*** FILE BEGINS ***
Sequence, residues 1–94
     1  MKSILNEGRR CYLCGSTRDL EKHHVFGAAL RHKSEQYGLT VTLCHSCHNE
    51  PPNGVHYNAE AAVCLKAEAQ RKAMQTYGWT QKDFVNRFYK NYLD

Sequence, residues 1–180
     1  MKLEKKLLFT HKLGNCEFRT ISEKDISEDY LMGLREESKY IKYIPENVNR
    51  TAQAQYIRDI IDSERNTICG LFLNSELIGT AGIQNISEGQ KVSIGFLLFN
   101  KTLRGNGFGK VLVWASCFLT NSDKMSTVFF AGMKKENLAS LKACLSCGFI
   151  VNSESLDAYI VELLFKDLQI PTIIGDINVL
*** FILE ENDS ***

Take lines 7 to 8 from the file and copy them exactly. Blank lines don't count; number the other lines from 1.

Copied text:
   101  KTLRGNGFGK VLVWASCFLT NSDKMSTVFF AGMKKENLAS LKACLSCGFI
   151  VNSESLDAYI VELLFKDLQI PTIIGDINVL